Okay, so this isn’t really “inspirational,” but the English teacher in me couldn’t stop laughing and I just had to share it. Hope it gives you a smile!
I’m a pumpkin fan…especially when it comes to pumpkin and baked goods! This is probably my favorite pumpkin scent of all the pumpkins I’ve tried in the past years and of the ones I’ve made this year (which include: spiced pumpkin, pumpkin spice, and pumpkin lager). Of course I had to make this soap with beer😀.
Wholesale Supplies Plus describes it:
A seasonal malt blend of fresh picked pumpkin, nutmeg and finishing notes of fermented warm vanilla.
So yummy! This is another one that I knew would morph. I added orange mica to it so the soap didn’t become dark brown but has that orange hue to it. Then I stamped it with a like orange mica and it really pops!
Prior to discoloration:
I actually think the soap looks better fully cured and with the darker brown orange. It makes the stamp stand out more.
I love this scent. I’ve used it once before, and I don’t know why I stopped using it. It’s just down right yummy! Bramble Berry describes the fragrance as follows:
This fragrance smells positively edible! It’s a full bodied and smooth beer fragrance blended with Creamy Oatmeal, Orange Peel, Butterscotch, Farm-fresh Milk, Nutty Almond and Rich Vanilla.
I knew the vanilla content was high and I planned my design accordingly. The white layer is unscented. The dark brown layer has no color (the fragrance did all the coloring there). Then the top layer I used TD. With the vanilla it ended up a medium brown. I added mica lines between each later (in hopes of preventing some of the bleeding of fragrance (and hence color morphing) into the white later.
As a side note: Look at this soap just after I cut it and what the finished soap ended up looking like. Crazy how much it darkened!
Seaweed! NDA describes seaweed as follows:
Ascophyllum nodosum – a brown seaweed commonly known as knotted, knobbed or bladder wrack, or kelp – is one of many species which form part of the botanical order or algae.
I dislike the smell of seaweed. So why I had this burning desire to use it in my soap I’m not sure, but I did. The seaweed powder isn’t too bad (smell wise), but the instant it gets “wet” – as in it mixes with the oils/lye or the bar itself is used after it’s cured – it stinks! That, I realize, is probably a personal opinion that not everyone will agree with me on, but I think seaweed stinks. Even NDA describes it as having a “pungent odor.” (Notice they had a much nicer way of saying it stinks! Ha!)
Appearance: Greenish brown powder with a strong pungent odor.
New Directions Aromatics says the following about seaweed:
Benefits: Seaweed Powder is a rich source of vitamins including vitamins B12 (not found in land plants), vitamin E, amino acids, minerals, trace elements, and other nutrients. Seaweed powder makes for an effective cleansing and exfoliating agent. When applied to the skin, Seaweed treatments act as a powerful detoxifier that draws out toxins and impurities while adding beneficial nutrients. It helps to stimulate the body’s metabolism and circulation which gives skin a healthy, revitalize and glowing appearance. Seaweed contains fatty acids to combat skin irritation and inflammation; and may assist with skin ailments such as acne, psoriasis and eczema. Seaweed Powder is suitable for all skin types.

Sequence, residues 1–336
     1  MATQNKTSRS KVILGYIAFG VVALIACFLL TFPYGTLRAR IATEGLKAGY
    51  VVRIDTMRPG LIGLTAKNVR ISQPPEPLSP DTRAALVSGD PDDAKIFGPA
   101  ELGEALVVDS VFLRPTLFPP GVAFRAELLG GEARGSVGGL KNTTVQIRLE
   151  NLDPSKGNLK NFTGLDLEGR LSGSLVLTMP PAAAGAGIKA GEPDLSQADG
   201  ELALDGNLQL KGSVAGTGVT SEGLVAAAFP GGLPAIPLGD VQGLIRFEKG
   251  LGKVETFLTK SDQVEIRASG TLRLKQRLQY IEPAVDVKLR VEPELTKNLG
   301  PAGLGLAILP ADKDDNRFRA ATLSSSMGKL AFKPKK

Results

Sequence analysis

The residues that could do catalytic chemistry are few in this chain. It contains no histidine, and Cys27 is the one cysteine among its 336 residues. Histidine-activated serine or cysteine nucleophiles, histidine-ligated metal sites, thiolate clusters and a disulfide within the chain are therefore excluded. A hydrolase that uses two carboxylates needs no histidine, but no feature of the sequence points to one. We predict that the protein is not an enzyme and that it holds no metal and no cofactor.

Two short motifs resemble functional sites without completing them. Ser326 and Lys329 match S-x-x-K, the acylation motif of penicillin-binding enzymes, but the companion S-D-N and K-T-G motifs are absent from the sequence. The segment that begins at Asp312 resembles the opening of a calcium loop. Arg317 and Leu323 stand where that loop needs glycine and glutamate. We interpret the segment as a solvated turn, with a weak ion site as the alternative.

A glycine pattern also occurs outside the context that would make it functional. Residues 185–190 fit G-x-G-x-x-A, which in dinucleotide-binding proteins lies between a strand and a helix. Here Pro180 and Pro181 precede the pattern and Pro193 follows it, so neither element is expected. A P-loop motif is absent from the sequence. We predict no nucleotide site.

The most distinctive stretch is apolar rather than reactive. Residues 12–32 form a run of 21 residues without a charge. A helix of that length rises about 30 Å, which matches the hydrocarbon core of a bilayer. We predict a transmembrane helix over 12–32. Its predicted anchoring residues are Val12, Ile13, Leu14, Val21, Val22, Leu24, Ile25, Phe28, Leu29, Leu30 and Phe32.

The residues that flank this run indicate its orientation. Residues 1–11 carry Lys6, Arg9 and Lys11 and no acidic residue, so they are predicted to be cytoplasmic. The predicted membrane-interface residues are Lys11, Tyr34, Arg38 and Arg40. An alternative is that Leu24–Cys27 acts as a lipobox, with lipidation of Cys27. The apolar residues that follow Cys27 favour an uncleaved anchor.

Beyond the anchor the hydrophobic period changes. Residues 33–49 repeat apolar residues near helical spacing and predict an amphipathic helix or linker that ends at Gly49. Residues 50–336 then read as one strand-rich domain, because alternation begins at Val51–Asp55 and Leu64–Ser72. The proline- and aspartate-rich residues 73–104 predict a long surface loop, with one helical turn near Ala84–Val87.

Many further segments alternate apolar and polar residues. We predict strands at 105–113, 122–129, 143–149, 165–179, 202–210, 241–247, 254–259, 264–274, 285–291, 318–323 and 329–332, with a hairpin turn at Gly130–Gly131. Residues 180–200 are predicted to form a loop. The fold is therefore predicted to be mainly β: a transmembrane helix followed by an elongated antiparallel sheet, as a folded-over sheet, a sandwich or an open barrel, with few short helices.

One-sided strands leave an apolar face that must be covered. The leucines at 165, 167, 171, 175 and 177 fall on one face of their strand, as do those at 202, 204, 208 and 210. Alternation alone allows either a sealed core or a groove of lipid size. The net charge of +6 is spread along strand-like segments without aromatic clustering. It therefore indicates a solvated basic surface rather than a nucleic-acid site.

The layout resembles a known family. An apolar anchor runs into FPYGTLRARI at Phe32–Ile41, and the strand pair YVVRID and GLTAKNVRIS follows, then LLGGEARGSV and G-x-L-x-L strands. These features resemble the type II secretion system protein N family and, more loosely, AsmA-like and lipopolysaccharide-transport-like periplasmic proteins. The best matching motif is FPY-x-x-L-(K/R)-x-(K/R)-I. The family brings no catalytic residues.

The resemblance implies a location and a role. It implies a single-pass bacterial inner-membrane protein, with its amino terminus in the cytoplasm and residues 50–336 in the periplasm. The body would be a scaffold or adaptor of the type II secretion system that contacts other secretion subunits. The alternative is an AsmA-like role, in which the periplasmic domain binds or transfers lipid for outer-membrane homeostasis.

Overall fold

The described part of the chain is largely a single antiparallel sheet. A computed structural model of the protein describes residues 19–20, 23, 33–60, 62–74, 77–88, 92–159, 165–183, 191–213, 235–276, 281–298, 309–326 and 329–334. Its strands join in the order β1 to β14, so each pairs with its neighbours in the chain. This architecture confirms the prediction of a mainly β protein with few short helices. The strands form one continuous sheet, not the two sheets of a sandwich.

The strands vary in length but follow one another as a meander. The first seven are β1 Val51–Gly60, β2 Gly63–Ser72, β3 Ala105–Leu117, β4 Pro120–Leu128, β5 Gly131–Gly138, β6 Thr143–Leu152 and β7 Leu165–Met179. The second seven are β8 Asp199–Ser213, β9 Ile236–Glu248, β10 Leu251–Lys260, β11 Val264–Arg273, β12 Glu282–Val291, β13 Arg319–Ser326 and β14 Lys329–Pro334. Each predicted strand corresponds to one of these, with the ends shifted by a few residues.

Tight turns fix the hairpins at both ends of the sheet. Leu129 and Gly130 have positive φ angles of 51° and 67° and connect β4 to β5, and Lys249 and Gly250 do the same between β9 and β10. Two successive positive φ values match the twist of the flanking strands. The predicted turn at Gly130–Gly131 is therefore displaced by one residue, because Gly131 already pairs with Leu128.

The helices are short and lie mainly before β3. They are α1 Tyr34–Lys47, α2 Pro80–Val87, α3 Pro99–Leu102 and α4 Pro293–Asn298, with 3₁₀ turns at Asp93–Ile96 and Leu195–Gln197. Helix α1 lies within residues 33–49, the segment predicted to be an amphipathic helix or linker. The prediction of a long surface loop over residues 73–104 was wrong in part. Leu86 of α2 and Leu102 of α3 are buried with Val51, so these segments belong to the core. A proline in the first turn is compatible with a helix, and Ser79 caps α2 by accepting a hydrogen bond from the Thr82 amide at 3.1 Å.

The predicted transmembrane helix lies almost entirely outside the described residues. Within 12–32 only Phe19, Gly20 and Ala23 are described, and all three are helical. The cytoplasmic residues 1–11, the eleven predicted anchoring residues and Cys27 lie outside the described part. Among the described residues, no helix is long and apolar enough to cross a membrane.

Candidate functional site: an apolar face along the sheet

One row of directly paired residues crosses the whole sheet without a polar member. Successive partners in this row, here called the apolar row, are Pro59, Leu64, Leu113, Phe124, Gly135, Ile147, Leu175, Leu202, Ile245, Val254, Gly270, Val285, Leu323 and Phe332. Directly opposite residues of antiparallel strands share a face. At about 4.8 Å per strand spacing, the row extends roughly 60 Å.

Application: Seaweed Powder can be used in face masks, detoxifying body wraps, soap making, body scrubs and bath powders.
Caution: Persons with an allergy to iodine should avoid using this product. This powder has a strong pungent odor that some may find offensive, so test product before using.
I don’t know what it was that initially made me want to use it in my soap. I just know about a year ago I had the urge. And I think after reading the benefits of seaweed I was sold. I mean did you read the above benefits? It just makes me sigh in delight when I read about all that natural goodness! So, while I might dislike the smell I love it in my facial soap.
I couldn’t leave it at a facial bar though, no! I decided to make a batch of body soap with seaweed. I scented it with eucalyptus and peppermint (two rather strong essential oils) hoping it would subdue the seaweed smell. I can’t say it does, but I think if you dislike a smell you pick it up more than any other smell. The bar itself is a very nice bar!
If you’re interested in trying some in your soap I used it at similar usage rates to clay.
I used about ½ to 1 teaspoon per pound of soap. I premix it with a little bit of distilled water, but I’ve also just added it straight to my oils and used the stick blender to mix it in with great results.
I can say I love it in my facial soap! I can’t quite deal with the smell as a body soap, though it is a nice bar. And I haven’t been brave enough to make a mask of it yet. 😉